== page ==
[Federal Register Volume 77, Number 63 (Monday, April 2, 2012)]
[Notices]
[Pages 19698-19699]
From the Federal Register Online via the Government Printing Office 
[www.gpo.gov ]
[FR Doc No: 2012-7882]


-----------------------------------------------------------------------

DEPARTMENT OF THE INTERIOR

National Park Service

[2253-665]


Notice of Intent to Repatriate Cultural Items: Rochester Museum & Science 
Center, Rochester, NY

AGENCY: National Park Service, Interior.

ACTION: Notice.

-----------------------------------------------------------------------

SUMMARY: The Rochester Museum & Science Center, in consultation with the 
appropriate Indian tribe, has determined that the cultural items meet the 
definition of both sacred objects and objects of cultural patrimony and 
repatriation to the Indian tribe stated below may occur if no additional 
claimants come forward. Representatives of any Indian tribe that believes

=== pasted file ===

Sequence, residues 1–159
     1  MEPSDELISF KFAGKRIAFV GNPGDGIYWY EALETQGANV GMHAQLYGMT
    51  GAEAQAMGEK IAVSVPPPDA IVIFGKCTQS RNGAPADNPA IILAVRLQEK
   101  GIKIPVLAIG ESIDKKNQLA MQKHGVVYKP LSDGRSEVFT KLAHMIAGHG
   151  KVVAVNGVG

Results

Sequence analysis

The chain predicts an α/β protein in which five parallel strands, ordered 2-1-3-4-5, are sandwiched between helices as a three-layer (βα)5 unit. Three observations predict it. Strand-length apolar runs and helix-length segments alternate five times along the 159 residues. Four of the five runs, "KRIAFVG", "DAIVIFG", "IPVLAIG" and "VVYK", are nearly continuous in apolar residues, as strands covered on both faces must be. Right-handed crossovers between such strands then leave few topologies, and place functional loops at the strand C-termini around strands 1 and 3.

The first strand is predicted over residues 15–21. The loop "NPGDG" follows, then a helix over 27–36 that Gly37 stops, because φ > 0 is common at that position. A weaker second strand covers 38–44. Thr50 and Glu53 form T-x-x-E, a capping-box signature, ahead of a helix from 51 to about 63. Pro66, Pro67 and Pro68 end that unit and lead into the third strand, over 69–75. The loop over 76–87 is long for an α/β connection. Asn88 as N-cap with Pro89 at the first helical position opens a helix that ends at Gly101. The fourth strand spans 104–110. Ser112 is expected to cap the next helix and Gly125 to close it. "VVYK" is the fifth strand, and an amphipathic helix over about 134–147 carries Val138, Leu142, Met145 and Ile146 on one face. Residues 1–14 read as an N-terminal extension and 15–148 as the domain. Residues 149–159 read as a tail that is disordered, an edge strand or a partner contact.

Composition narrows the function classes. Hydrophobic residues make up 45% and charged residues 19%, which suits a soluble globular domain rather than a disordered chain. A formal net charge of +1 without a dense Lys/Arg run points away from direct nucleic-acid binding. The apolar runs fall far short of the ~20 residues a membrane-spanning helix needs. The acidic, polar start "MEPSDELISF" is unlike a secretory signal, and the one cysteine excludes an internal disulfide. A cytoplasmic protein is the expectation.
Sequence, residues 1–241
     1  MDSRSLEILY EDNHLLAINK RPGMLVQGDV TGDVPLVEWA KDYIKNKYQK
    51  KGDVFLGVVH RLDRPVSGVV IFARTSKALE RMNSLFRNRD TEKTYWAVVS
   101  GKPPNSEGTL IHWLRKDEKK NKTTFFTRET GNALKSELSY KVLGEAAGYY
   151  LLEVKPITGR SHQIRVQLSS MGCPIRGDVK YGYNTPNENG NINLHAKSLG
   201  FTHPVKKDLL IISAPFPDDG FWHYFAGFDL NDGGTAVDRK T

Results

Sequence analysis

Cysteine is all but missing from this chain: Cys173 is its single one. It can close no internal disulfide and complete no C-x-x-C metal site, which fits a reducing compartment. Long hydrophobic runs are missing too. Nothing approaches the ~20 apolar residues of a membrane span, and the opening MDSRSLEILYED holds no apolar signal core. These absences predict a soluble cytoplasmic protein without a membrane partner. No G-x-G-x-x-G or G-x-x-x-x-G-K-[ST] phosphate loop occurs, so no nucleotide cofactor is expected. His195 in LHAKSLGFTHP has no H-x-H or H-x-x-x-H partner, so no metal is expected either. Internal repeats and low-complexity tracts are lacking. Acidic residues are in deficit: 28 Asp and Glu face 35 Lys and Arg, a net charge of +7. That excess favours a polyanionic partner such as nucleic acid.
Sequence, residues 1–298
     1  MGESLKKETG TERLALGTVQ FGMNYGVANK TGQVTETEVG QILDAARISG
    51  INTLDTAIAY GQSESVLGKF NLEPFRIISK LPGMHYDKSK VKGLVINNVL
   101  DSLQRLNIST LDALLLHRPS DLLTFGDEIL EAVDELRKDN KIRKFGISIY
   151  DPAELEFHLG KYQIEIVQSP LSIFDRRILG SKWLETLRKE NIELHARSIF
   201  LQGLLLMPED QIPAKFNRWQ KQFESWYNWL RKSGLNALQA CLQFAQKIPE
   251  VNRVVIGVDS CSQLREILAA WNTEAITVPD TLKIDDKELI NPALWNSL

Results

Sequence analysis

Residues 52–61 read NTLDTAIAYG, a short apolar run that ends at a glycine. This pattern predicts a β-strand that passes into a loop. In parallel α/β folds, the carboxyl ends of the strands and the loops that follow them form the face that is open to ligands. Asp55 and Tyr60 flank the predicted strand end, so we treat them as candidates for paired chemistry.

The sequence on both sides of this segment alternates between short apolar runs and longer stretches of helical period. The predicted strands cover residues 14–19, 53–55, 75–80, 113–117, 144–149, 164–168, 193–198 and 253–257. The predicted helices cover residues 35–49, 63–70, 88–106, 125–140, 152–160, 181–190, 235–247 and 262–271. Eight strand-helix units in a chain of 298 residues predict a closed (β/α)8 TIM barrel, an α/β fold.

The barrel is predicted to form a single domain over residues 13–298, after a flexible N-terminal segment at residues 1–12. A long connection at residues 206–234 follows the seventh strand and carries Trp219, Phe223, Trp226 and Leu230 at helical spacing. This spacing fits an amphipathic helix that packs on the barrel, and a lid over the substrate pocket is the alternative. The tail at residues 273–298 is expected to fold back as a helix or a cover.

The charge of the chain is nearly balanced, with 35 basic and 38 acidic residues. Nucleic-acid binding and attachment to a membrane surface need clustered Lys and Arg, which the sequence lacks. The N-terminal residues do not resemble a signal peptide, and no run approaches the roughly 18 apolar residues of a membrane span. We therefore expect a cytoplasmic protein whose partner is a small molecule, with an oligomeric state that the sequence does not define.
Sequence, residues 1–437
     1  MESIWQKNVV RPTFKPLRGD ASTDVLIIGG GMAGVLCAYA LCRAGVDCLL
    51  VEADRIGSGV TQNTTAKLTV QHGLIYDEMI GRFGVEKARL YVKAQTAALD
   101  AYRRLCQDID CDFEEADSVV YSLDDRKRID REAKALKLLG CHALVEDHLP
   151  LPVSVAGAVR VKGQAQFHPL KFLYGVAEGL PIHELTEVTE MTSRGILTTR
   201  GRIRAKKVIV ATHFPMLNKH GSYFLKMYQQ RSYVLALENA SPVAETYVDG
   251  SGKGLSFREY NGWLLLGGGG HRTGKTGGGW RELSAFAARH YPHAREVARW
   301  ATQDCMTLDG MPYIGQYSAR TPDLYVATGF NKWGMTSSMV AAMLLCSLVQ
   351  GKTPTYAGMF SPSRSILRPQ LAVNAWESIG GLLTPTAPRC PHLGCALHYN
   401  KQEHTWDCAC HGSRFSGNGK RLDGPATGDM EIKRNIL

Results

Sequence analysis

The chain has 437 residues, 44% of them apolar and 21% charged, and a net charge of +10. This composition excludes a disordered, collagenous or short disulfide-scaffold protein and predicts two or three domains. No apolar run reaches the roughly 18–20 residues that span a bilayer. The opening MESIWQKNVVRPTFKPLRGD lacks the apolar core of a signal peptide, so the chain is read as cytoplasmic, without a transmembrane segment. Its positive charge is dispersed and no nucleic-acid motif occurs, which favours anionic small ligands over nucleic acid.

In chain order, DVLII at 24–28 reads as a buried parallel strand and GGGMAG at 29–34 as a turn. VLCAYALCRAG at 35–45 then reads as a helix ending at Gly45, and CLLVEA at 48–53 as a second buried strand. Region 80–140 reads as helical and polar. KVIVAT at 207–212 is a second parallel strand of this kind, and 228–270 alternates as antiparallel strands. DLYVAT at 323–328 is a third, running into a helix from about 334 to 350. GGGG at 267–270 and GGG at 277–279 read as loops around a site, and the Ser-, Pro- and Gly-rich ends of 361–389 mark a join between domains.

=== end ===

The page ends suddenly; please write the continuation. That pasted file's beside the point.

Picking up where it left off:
itself to be culturally affiliated with the cultural items may contact the 
Rochester Museum & Science Center.

DATES: Representatives of any Indian tribe that believes it has a cultural 
affiliation with the cultural items should contact the Rochester Museum & 
Science Center at the address below by May 2, 2012.

ADDRESSES: Adele DeRosa, Rochester Museum & Science Center, 657 East Avenue, 
Rochester, NY 14607, telephone (585) 271-4552 x 302.

SUPPLEMENTARY INFORMATION: Notice is here given in accordance with the Native 
American Graves Protection and Repatriation Act (NAGPRA), 25 U.S.C. 3005, of 
the intent to repatriate cultural items under the control of the Rochester 
Museum & Science Center that meet the definition of both sacred objects and 
objects of cultural patrimony under 25 U.S.C. 3001.
    This notice is published as part of the National Park Service's 
administrative responsibilities under NAGPRA, 25 U.S.C. 3003 (d)(3). The 
determinations in this notice are the sole responsibility of the museum, 
institution or Federal agency that has control of the cultural items. The 
National Park Service is not responsible for the determinations in this 
notice.

History and Description of the Cultural Items